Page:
• A few warm days this week have finally made it seem a bit like spring. There is a good bit of clear ground showing; only the deep drifts remain — a welcome change from all white. Although we are being promised more snow in a day or two, we at least know there is hope.

    I have a bouquet of daffodils on the living room table, from the supermarket gardens, but nevertheless they are bright sunshine yellow and sweet smelling. They give me hope that the daffodils in my yard will bloom someday soon.

  • Early spring is one of the best times to listen for owls. I have written in the past about some of our small owls but not for some time about the little screech owl. Screech owls are most commonly found along stream courses where they nest in old cavities in large cottonwoods and willows. They measure about 8 inches in height, which is only about the size of a robin, but, like all owls, they sit more upright and have fluffy feathers that make them appear larger.

  • For many years when winter visitors to Colorado called us to inquire about where they could see rosy-finches, we would either take them or send them to the top of Squaw Mountain to visit the Swanlunds.

    When we were faced with this request recently, we didn’t know a really “sure spot” to send these visitors.

  • Last week I mentioned that our friend Margie Wing had called to report the first mountain bluebirds had returned to Indian Hills on Tuesday, Feb. 12. For lack of space, I said there would be more about them this week. Little did I know that would be the last conversation I would have with Margie. After a brief, courageous fight with cancer, Margie left this world on Friday, Feb. 15. I hope she is surrounded with bluebirds, hearing their soft, sweet warbling song.

  • Our friend Karel Buckley brought us an article recently from the New York Times on littering that was especially concerned with the use of plastic shopping bags. It contained some very pertinent information and reminded me of the early days of recycling here in Colorado.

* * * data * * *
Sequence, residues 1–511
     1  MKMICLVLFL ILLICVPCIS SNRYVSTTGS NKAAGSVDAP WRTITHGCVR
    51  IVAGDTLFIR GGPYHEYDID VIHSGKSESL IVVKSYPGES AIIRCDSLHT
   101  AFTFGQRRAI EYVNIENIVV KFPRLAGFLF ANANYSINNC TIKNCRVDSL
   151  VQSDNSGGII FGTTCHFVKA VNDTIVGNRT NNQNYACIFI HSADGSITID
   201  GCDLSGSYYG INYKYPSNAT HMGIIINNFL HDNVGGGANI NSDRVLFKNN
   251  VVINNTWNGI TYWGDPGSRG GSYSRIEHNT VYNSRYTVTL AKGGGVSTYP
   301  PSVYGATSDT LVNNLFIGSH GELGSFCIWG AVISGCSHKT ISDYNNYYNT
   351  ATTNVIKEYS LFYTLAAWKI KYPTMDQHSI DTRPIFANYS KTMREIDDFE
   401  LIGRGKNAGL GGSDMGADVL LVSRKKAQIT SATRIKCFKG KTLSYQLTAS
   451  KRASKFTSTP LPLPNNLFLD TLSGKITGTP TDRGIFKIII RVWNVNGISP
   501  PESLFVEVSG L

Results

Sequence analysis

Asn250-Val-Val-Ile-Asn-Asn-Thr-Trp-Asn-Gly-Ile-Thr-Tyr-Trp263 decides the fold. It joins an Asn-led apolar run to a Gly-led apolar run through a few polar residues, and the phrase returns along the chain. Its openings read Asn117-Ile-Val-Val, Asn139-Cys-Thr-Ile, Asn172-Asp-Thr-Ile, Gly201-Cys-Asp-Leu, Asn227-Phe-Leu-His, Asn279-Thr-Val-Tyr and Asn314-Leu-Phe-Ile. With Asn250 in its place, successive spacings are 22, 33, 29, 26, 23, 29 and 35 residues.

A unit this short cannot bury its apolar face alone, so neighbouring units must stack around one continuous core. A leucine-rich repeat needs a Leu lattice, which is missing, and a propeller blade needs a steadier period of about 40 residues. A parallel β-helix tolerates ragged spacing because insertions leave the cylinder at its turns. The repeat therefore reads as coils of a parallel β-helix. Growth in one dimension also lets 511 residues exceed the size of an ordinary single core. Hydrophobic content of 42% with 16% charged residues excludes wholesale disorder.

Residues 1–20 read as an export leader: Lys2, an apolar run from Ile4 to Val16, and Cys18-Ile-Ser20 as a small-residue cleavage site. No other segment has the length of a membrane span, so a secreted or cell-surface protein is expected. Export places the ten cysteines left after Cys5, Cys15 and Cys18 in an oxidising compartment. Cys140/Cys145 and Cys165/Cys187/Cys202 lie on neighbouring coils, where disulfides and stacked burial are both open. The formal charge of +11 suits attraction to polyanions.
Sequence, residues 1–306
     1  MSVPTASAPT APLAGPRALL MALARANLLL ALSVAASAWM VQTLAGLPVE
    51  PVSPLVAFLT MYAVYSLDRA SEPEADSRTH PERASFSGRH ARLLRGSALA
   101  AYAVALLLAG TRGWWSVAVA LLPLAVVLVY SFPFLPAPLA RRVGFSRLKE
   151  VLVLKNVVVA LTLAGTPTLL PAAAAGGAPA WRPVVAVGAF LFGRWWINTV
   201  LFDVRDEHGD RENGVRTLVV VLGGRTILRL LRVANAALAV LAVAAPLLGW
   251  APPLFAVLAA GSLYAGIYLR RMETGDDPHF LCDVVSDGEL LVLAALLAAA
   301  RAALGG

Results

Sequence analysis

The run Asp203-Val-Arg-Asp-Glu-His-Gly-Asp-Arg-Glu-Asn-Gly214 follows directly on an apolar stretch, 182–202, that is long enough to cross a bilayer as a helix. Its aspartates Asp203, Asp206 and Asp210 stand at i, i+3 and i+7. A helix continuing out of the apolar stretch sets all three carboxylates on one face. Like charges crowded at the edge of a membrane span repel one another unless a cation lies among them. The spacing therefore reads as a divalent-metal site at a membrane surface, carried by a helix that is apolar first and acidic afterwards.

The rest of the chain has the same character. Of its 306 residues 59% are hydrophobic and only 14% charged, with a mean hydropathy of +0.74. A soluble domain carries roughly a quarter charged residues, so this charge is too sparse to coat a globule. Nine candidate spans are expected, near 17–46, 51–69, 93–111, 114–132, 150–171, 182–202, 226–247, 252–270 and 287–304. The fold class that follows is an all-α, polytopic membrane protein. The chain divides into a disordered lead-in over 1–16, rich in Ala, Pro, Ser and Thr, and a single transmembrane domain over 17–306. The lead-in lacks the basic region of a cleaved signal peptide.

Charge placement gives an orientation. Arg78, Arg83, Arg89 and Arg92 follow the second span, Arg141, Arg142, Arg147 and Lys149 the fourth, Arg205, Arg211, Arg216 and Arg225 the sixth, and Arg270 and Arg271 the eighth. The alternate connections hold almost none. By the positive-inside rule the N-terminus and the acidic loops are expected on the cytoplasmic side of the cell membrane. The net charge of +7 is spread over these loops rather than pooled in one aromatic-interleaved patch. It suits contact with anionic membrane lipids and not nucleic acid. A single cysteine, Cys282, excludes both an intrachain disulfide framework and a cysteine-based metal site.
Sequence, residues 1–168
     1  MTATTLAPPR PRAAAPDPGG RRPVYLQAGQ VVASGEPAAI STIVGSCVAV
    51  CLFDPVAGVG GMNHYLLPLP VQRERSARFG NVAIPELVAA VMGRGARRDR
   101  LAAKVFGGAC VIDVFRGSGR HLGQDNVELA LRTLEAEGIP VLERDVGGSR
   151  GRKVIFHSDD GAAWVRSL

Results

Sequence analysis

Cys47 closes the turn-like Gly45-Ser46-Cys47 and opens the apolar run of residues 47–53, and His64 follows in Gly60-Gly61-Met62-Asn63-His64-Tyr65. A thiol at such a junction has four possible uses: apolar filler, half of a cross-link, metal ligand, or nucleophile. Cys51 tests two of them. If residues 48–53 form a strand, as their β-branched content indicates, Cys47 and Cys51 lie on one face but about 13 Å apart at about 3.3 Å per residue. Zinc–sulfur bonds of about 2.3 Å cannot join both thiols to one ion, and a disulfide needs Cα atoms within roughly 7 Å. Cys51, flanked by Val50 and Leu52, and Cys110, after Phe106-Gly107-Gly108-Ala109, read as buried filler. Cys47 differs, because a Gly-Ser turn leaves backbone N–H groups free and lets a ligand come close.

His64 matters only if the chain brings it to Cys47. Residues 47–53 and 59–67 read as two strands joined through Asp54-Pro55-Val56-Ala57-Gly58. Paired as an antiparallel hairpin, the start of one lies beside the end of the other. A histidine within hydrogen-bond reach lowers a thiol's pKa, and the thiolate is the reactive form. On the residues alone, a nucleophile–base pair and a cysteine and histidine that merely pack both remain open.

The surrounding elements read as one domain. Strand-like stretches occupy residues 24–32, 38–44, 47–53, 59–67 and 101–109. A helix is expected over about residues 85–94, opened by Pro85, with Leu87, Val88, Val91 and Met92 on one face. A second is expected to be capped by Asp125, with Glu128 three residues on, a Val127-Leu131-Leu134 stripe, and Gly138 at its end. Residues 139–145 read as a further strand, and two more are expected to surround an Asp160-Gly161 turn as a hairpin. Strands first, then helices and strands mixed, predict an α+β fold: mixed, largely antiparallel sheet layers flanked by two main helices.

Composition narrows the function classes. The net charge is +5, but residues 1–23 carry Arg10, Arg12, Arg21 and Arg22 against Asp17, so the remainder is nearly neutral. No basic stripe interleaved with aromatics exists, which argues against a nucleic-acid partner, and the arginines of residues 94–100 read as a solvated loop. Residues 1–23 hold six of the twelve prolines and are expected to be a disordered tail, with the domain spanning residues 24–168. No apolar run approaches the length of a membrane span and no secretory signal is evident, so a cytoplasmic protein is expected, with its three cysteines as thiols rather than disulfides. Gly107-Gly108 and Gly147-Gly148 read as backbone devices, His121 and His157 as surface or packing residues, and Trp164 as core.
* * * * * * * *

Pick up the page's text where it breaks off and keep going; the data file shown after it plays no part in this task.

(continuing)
• What happened to the January thaw? Something I have always looked forward to just didn’t happen this year.

  • Usually cold and wintry, February is made bearable by the first signs of spring — nothing as showy as the first daffodil in bloom, but still good, dependable signs of spring.

  • Several times each winter, we receive phone calls from someone who has just seen a “large beautiful bird” at their feeder, which they have never seen before. They describe the bird, and I say, “Yes, that’s a northern flicker.” To which their usual reply is, “Oh no, it’s not a flicker; I see them around all summer, but they are not this big or here in the winter.”

  • For some time now, the birds at our feeders have been nervous, flying into the prickly thickness of a nearby blue spruce or darting into the lilac bushes every time anything moves in the yard or even inside the window. Such behavior, especially in cold, snowy weather, can mean only one thing. There is a predator of some kind working in the area. But what kind? That is the question.

  • Ames Rau called us last Sunday to say that he had been down at Bear Creek Lake Park, where he had witnessed a red-tailed hawk refurbishing its nest. It may seem odd that any birds are preparing to nest when we are experiencing well below freezing temperatures and several inches of snow cover the ground, but it is a common practice for the large resident hawks and owls to do so.

  • January arrived like a lion, with cold, blustery weather. The TV weathermen are promising five days of

    warmer weather, which will be most welcome. I am ready for some warmer weather, and I presume the wild creatures are, too.